Gig Review: Lauren Hibberd at The Joiners

Gig Review: Lauren Hibberd at The Joiners

It’s great to come across an up and coming artist, like their stuff and then realise they’re a South coast local. That’s what happened when I heard the insanely catchy Call Shotgun by Isle of Wight native and 22-year old singer/songwriter, Lauran Hibberd.

So, when I saw she was playing a show at iconic Southampton venue, The Joiners, supported by Scottish four-piece Spyres and whimsical singer/songwriter Abbie Ozard, I leapt at the chance to go along. And yep, it’s Lauran, not Lauren.

Having written songs and played guitar since she was 14, Lauran is an utter natural on stage. She’s been touted by BBC Radio One’s Clara Amfo and Huw Stephens, and last year played the BBC Introducing stage at Glastonbury. Her sound is like 90s grunge with a modern indie/rock twist, with hilariously sardonic lyrics that make you laugh and instantly relate at the same time. For me, Lauran’s songs bring back memories of mildly rebellious suburban teenage hedonism and make me wish I’d had one per cent of her confidence at the time.

Bursting on to Joan Jett & The Blackheart’s Bad Reputation, she asked the sell-out Saturday-night crowd to put their hands up if they had no money – cue a sea of raised hands. Telling us she had the solution, Lauran launched into the deceptively saccharine Sugardaddy, a cheeky bop with an infectious chorus you can learn in one listen.

Keeping up the pace, next up was What Do Girls Want – with the irresistible line “Honey, if I knew, I still wouldn’t tell you” and the kitschy, catchy Hoochie. With a gift for blending sugary sweet vocals with deadpan honesty, Lauran then belted out crowd faves, the chant-like Sweat Patch and the bouncy, inquisitive Hunny, Is This What Adults Do?, which might be one of the most relatable songs I’ve ever heard.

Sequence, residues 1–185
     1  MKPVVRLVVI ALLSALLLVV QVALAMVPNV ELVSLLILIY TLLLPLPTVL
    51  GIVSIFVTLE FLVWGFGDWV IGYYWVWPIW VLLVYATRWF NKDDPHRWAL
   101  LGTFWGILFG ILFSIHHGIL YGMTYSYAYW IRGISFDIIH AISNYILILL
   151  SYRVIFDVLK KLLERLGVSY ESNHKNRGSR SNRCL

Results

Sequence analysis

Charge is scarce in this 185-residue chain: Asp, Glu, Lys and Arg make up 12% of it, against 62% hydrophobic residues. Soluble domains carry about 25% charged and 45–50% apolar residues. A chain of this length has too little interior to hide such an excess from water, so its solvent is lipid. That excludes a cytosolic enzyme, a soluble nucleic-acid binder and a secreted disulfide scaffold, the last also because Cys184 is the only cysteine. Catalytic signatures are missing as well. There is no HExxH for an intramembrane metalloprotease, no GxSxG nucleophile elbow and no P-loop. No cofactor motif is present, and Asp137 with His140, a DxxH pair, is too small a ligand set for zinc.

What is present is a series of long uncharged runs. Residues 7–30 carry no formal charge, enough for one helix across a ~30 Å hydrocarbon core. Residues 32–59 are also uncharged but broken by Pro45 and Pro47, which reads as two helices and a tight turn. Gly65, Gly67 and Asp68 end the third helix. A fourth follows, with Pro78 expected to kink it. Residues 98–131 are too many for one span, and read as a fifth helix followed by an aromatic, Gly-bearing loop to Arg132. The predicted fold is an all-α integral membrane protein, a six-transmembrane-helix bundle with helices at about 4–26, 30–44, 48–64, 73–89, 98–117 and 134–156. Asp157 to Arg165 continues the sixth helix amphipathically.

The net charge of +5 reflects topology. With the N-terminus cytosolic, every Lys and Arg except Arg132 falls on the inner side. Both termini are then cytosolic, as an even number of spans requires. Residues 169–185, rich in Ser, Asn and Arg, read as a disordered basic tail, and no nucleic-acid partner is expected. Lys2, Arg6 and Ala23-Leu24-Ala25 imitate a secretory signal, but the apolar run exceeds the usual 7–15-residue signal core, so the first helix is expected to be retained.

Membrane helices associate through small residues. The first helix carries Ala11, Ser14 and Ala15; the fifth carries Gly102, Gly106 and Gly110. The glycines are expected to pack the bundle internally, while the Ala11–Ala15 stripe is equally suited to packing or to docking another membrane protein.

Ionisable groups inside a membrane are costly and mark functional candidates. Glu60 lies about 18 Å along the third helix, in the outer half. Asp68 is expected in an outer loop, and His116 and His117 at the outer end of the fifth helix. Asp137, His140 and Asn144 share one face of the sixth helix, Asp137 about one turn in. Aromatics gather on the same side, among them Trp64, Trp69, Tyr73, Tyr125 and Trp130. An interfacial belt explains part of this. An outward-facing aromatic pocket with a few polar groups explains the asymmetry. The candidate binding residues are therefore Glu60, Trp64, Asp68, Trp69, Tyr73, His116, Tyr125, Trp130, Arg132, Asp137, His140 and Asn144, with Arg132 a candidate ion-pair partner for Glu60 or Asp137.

Then it was time for some new stuff, including the unreleased and gloriously titled, We Could Be Married But I Don’t Have a Gun, and the current single Bang Bang Bang, which has another rocky anthemic chorus. In person, Lauran has a quick and dry sense of humour that matches her lyrics, and she handled the eager but rambunctious crowd with ease, chatting and riffing between songs.

Her performance of You Never Looked So Cool – about a dream she had about her own funeral – showed a softer, more contemplative side, before she ended the show with back to back indie rock bangers, including Frankie’s Girlfriend, Shark Week and her breakout hit, Call Shotgun.

I hope Lauran gets the attention she deserves, although it was great to see her in such an intimate venue. Like most of the other punters, I left the show happy, slightly sweaty and really wanting to be her mate.

Words: Liz Parsons
Photo: PR Provided


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